And all that's assuming I even get so far as enjoying a wine. You can't stop evolution and it's a sad and very pertinent fact that quite a few wines I greatly enjoyed only a year ago leave me feeling nonchalant at best. So my excitement at seeing the Zind-Humbrecht 2005's on the shelves at WineRoute was mixed with trepidation. Will the magic still be there?
See, what I love about Zind-Humbrecht wines on the village level is the powerful intensity complemented by an an underlying structure and balance that tempers the rich spiciness and the sometimes high alcohol level. If there is also elegance and finesse as well, all the better. And though from my experience over the past three years, the village Rieslings are more likely to show elegance than the Pinot Gris or Gewurztraminer, a year's worth of German Rieslings had messed with my "Riesling compass" and I wasn't quite sure whether I'd still be attuned to the Zind-Humbrecht rendition of the varietal.
As it turned out, the jury's still out on that one. I'm willing to concede I'm not a good enough taster to understand certain young Rieslings. I can tell it's not showing great right now but I can't tell you whether it will improve.
Very much a youngster right now, the flowery yet minerally nose gets the nod but the palate is still taut, almost tannic with its abundance of grapefruit peels and pips. You can get a sense of the structure and the wine's potent and spicy enough but unlike the 2004 version, which I first tasted when it was six months older than the 2005, the fruit doesn't really mesh with the spiciness and the kick of the alcohol. Really, I've had 15% abv Pinot Gris and Gewurztraminers from Zind-Humbrecht where you couldn't sense the alcohol as such yet here you can, not enough to make the wine unbalanced but enough to confuse. If I were it buy any more bottles it'd be solely due to Zind-Humbrecht's reputation, not because I can get a clear sense of the fruit here.
If Paul Westerberg was starting his musical career today, he'd be a lot more successful than he ever was in his heyday, mainly because his famous 80's band, the Replacements, laid down a lot of the ground rules for American alt-rock (as opposed to the hardcore scene from which the band sprang). Not that they were ever commercially viable; like a lot of underground bands, they crumbled apart soon after they signed with a major label (REM is just about the only band that escaped that fate).
Westerberg's gifts were quite amazing once he caught fire around 1984. Half the time, at the very least, he displayed major-league songwriting talent. He had quite an ear for catching telling details of a misfit's life and he could come up with intuitive synergies of anything from punk to arena rock. He was obviously a kid who grew up on rock and roll and he could pay offhand tributes to his heroes without sacrificing the gist of the song. He had a rough, tobacco and alcohol tinged voice that could be almost achingly expressive and while he wasn't a great guitarist but he knew his chords and he understood how to make his playing sound classic, unforced and sexy.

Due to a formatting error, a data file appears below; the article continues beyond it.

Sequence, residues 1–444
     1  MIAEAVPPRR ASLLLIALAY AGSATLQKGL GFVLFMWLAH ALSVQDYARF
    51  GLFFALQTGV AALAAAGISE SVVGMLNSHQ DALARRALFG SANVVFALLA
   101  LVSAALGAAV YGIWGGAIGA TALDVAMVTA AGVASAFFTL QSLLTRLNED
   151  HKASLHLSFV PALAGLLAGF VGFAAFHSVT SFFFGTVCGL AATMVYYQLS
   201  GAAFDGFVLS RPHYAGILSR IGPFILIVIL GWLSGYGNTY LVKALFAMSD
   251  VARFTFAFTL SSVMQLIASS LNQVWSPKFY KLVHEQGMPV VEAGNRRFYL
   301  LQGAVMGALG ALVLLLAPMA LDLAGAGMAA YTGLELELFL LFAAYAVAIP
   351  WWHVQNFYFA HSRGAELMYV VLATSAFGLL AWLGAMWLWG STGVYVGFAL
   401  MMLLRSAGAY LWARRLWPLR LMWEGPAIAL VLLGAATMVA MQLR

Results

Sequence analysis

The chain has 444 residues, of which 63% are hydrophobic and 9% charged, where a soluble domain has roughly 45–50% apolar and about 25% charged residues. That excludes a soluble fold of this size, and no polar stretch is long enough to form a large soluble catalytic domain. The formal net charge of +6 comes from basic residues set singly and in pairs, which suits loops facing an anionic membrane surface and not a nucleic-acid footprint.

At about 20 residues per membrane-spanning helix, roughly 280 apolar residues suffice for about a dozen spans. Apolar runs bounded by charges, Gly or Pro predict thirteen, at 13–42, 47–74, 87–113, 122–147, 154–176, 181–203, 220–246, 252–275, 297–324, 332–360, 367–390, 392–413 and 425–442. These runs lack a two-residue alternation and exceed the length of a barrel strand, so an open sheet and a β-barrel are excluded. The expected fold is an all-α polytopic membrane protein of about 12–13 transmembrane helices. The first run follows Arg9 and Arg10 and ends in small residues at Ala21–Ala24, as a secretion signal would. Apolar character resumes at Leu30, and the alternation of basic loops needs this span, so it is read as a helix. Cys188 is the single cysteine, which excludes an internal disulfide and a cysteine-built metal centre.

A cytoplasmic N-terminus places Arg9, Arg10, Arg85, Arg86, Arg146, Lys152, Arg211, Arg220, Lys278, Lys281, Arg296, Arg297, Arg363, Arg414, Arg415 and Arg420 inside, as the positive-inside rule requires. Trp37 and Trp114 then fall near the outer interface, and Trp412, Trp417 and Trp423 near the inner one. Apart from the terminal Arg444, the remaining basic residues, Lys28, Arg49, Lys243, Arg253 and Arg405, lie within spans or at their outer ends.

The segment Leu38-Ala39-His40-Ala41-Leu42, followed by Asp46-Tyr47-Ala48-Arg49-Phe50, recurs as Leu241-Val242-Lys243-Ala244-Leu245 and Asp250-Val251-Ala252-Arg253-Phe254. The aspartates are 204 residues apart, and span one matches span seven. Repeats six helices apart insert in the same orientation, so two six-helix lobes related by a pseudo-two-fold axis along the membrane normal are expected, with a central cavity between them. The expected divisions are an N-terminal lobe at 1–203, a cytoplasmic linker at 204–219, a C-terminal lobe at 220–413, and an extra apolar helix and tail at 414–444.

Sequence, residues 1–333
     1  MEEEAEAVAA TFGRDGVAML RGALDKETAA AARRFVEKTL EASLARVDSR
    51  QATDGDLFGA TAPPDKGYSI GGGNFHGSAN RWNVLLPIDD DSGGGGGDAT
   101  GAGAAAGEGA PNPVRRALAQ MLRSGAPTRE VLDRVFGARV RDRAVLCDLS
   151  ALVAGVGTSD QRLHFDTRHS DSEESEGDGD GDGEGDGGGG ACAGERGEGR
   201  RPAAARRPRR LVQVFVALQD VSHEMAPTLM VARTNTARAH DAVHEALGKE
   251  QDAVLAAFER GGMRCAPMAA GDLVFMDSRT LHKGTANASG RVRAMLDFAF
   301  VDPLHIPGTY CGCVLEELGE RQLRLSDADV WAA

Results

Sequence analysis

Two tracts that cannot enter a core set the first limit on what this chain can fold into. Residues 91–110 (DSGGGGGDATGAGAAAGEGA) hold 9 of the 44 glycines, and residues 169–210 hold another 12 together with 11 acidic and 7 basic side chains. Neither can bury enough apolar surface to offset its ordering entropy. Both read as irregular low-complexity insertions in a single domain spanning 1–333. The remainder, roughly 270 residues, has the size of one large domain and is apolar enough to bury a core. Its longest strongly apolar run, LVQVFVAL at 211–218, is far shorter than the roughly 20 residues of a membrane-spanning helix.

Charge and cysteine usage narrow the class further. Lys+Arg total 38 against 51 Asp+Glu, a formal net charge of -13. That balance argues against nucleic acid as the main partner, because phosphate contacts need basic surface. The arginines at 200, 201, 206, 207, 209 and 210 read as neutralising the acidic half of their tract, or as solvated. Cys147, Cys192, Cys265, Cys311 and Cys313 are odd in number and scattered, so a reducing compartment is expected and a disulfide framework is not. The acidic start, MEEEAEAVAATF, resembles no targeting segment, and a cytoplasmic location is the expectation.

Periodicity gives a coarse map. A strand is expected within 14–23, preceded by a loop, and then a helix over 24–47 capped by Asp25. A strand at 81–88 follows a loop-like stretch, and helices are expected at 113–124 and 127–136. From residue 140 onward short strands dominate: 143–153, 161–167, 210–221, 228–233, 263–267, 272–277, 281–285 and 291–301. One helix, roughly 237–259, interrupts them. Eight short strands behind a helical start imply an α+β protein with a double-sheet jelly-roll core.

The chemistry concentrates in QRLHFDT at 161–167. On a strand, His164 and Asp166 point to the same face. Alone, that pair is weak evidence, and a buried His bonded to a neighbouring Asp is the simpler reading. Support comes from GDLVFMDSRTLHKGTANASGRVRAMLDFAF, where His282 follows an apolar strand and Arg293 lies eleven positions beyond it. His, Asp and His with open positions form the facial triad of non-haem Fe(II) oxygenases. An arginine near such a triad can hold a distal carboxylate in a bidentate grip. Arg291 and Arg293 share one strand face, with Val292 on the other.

Given all that, it saddens me to admit that all the great Replacements albums are faulted in one way or another. Let It Be seems relunctant to give up the band's earlier juvenile stance. Tim tries too hard to be commercial and Pleased To Meet Me doesn't sound enough like a band. Still, no one can deny the power and charm of their high points and songs like "Unsatisfied", "Bastards Of Young", "Never Mind", "Valentine" and "Can't Hardly Wait" make you want to hop inside a time machine, go back to high school and re-live all pain and angst and nausea.
Paul's solo career was a bomb for the most part yet the one album I return to most often comes from early in the millenium when everybody had just about given up on him, myself included. Stereo is a home-made double disc set. The Stereo disc is mostly ballads which is not really a great set, though "Only Lie Worth Telling" can rip your world apart and his throwawy cover of Flesh For Lulu's "Postcards From Paradise" is inspired and amazing, telling you just about all you need to know about Paul, the depth of his failures and the heights he aspires to.
But the "rock" disc, Mono, is the supreme distillation of everything he wanted to do with the 'Mats. Remember the Lou Reed quote, "you can't beat two guitars, bass, drums"? This is the proof. It rocks, it riffs, the solos - whoever played them - are short and to the point. Westerberg is trenchant, cocky, confident yet sensitive enough to break and plead at exactly the right places. As always, it's got a few poetic lines that will settle down in your brain for life: "I know it's kind of low but to me it's high times", "from a distance you look peaceful and so faraway up close, you're leaving in the morning I suppose". But most of the magic is inexplicable and undescribable; it's all about the timing and the phrasing, the sound and the snot and the sweat.
Don't download, it, just buy it, the man deserves it after all these years.